We’ve all read the news stories about this college or that college removing books from their libraries. Stanford was one of the first to go bookless back in 2010, and many more colleges have followed suit. This includes Florida Polytechnic University, which opened a bookless library in 2014, and the University of Michigan, which reopened a medical library in 2015 but left the books in storage.
From the Toledo Blade:
The University of Michigan has reopened its Taubman Health Sciences Library after a $55 million overhaul and rethinking of how a library for medical students should function.
Hundreds of thousands of books were moved to an offsite location and are available on demand for delivery, and by becoming “bookless” the school said that frees up space for medical student education. The facility on the school’s Ann Arbor campus officially reopened over the weekend.
You can find more details in the U of M’s announcement.
While a traditionalist may object to a library without books, the fact of the matter is libraries have always been more than warehouses for books. Academic libraries in particular are used more for study than for storing old and possibly outdated books.
Or as one retired librarian framed it over on The Passive Voice:
It’s about education and what works best to teach students. Just being able to browse shelves of old books, when medical information turns over about every five years, is not enough. Electronic databases with full-text articles and other online information are more accessible and more current. Browsing online is far superior to looking at shelves. Collaboration and group learning has been shown to be far superior to the solitary, no-feedback, one-way lecture of the physical book and doing it in the library is great.
And just so you know, UM’s books had been moved to storage a couple years ago when the renovations began. In effect, the library had gone bookless a couple years ago with little or no negative impact on the students.
Students simply don’t need the books taking up the space, not when they mostly used for studying, as another librarian over at The Passive Voice:
In 2009 I worked at a legal research library. Very few students ever got a book off the shelf. It’s all online. I would reshelve, at most, maybe 30 books a day.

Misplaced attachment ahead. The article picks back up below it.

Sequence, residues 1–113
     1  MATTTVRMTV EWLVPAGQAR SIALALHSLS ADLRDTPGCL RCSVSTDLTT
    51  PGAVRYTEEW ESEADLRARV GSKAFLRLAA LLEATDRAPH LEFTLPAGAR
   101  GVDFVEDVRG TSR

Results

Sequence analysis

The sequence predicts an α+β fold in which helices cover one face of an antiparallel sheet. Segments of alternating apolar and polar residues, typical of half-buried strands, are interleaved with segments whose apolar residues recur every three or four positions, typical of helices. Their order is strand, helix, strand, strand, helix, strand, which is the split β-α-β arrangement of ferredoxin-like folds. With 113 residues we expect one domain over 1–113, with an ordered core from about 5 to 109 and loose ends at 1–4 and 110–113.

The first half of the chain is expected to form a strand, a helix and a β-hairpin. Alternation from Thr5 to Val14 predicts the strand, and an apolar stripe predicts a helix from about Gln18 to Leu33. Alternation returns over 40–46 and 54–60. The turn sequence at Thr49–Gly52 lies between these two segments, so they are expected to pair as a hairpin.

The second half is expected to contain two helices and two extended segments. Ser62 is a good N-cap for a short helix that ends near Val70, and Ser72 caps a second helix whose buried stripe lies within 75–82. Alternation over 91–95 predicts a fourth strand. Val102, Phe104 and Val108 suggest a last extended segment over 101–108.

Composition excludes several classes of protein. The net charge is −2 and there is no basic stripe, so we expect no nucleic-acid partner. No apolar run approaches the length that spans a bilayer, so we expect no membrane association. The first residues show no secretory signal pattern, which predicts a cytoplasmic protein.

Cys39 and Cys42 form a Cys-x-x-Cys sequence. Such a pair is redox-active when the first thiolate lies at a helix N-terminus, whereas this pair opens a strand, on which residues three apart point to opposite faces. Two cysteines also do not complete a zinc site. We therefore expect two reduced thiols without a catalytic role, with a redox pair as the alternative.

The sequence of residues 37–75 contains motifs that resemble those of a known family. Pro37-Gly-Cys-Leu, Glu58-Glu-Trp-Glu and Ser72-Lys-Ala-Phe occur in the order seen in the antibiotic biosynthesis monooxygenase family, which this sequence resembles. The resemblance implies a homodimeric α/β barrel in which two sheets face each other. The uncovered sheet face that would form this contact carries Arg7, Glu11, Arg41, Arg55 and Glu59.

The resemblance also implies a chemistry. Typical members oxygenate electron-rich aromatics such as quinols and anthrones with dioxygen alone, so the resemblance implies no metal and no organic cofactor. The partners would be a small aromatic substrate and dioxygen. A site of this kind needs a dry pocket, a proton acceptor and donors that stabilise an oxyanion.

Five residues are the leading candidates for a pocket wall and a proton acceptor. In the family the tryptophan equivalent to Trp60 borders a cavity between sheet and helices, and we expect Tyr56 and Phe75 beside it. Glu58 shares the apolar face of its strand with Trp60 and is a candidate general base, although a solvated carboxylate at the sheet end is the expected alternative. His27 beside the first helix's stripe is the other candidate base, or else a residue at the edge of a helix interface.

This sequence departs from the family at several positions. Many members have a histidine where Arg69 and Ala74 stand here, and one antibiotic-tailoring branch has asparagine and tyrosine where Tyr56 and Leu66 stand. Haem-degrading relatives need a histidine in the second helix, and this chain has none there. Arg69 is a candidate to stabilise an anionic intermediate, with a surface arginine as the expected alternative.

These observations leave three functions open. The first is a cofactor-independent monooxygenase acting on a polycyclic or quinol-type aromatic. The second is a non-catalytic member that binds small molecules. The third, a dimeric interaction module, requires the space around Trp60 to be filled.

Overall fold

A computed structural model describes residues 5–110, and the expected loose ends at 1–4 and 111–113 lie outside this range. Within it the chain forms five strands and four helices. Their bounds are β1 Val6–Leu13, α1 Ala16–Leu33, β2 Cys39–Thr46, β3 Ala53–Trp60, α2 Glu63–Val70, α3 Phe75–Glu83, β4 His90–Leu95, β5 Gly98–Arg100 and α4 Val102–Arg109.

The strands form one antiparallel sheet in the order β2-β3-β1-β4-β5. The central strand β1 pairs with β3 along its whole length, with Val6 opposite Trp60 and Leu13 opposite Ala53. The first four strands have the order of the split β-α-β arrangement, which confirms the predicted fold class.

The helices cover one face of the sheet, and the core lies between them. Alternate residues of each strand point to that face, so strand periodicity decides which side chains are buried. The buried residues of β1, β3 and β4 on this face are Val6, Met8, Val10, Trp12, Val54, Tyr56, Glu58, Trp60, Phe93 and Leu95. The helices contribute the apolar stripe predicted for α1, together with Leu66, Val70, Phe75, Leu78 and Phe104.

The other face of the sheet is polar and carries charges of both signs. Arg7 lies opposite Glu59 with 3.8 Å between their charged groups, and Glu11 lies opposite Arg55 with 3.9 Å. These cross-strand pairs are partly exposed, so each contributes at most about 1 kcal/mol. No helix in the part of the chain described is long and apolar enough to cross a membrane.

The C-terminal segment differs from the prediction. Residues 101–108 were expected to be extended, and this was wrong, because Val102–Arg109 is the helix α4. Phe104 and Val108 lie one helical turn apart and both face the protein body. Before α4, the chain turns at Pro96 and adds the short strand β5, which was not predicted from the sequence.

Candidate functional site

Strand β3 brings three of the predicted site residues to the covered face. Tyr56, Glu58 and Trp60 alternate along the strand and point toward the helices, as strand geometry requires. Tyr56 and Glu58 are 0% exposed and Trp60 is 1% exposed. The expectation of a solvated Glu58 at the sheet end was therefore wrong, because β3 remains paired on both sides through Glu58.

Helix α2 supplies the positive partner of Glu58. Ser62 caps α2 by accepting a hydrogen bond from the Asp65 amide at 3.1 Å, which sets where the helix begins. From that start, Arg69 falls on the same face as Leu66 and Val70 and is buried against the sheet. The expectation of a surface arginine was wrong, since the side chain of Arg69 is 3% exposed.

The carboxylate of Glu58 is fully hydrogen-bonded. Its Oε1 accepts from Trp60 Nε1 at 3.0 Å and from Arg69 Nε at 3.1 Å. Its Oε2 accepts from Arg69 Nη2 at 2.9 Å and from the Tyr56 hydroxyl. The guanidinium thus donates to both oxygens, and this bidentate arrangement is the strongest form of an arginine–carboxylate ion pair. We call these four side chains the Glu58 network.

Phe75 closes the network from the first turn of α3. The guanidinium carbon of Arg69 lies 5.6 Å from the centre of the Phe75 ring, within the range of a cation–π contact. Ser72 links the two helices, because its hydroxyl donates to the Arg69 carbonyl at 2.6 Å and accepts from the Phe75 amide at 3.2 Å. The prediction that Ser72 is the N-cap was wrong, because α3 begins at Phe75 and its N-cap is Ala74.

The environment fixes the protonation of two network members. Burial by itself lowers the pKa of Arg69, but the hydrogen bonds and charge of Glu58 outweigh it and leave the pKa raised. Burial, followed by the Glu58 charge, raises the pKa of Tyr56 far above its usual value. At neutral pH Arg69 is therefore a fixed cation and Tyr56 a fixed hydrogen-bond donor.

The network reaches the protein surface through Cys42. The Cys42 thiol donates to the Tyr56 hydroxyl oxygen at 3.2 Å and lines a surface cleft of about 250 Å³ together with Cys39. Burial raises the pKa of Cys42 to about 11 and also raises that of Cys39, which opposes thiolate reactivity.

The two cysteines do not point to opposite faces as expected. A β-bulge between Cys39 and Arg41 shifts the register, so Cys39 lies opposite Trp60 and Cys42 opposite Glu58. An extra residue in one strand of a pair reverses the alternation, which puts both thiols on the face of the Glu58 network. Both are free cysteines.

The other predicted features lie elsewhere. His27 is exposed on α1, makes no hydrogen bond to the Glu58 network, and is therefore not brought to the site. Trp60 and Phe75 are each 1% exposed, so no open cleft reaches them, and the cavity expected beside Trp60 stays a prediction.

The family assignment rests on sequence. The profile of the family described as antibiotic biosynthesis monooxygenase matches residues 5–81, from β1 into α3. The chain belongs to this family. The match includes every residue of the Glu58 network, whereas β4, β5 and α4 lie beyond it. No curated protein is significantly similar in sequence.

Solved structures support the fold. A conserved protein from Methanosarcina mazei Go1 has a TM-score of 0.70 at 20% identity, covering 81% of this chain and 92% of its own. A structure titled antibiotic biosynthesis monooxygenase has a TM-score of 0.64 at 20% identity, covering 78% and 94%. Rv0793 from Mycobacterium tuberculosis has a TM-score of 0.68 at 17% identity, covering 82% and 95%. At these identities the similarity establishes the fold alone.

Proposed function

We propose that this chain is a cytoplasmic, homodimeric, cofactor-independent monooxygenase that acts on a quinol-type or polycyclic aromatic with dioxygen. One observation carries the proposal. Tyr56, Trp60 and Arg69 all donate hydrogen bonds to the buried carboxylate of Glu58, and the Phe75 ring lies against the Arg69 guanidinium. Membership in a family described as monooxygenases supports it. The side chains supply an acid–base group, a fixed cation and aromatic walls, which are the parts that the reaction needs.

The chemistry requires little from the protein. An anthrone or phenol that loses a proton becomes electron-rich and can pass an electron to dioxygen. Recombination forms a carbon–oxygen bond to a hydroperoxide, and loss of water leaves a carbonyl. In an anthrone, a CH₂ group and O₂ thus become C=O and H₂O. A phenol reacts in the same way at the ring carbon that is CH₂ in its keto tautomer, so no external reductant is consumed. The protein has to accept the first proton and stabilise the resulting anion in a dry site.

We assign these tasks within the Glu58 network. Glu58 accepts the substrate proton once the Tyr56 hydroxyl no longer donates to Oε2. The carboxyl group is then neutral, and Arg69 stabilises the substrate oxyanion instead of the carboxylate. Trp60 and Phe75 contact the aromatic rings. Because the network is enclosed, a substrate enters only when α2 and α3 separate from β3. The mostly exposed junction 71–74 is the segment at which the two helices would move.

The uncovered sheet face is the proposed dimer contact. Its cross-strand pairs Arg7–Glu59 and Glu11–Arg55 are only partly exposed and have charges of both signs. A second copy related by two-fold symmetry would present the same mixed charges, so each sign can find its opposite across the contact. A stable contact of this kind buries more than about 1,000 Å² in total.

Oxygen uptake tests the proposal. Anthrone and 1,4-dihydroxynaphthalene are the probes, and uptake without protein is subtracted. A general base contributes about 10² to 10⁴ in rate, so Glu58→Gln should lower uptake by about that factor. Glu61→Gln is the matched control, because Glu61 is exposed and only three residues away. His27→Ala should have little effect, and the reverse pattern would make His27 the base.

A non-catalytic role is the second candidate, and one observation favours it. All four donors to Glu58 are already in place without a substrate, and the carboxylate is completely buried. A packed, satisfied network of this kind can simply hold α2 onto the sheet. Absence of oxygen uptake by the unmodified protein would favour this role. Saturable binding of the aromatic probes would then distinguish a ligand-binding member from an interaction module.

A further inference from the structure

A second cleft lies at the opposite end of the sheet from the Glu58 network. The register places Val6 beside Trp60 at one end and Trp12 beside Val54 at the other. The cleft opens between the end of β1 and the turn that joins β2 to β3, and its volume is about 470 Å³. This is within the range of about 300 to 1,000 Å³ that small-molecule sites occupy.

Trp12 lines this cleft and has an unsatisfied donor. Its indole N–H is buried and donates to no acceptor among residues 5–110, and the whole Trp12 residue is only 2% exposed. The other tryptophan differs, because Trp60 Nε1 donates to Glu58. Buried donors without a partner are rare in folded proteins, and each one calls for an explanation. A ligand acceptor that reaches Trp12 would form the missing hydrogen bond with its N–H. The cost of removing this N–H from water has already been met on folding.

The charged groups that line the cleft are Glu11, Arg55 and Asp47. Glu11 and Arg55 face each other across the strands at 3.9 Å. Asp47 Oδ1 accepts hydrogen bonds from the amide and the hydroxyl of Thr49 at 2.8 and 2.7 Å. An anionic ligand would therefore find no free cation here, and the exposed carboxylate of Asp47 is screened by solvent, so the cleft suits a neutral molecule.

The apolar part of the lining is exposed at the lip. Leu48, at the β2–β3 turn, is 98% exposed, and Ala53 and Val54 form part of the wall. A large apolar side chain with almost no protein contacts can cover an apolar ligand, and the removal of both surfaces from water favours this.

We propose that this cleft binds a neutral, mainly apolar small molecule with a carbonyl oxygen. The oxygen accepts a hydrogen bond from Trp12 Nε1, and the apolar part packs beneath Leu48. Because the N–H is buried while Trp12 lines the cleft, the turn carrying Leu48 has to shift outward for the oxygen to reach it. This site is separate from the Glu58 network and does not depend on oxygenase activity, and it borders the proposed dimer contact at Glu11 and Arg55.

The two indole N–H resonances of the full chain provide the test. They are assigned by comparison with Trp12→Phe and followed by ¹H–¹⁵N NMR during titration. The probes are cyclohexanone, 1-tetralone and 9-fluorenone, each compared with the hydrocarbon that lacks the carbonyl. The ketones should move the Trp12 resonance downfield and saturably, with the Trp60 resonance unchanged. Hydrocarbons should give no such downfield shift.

Research libraries are NOT browsing libraries for the most part. You have a specific book you want to find in most cases. Usually people would ask me to fetch it without ever entering the stacks.
The stacks were used primarily for studying, the tables and chairs and couches were used extensively.
That librarian went on to add that when a student requested a book, it was usually either on reserve behind the circulation desk or in storage. Most of the rest of the books simply weren’t required, so they were taking up space which could be put to better use.
And frankly, the book-less library is simply the latest stage in a trend that has been building for over ten years now. As information becomes easier to access online, many categories of books have become redundant.
Phone books were the first to go, followed by atlases. Both were replaced by online phone books, map sites, etc. Guidebooks and factbooks were the next in the trash bin, and now some libraries have found that their entire collections can be pushed into the back room so more space can be dedicated to learning.
I expect the trend to continue to grow, but I don’t expect it to spread. Bexar County Public Library notwithstanding, the book-less library is an idea that won’t work in every situation.
Public school libraries, for example, can’t go book-less because they frequently lack the funding to do so. But most college libraries will look like Taubman Health Sciences Library over the next ten years, if not sooner.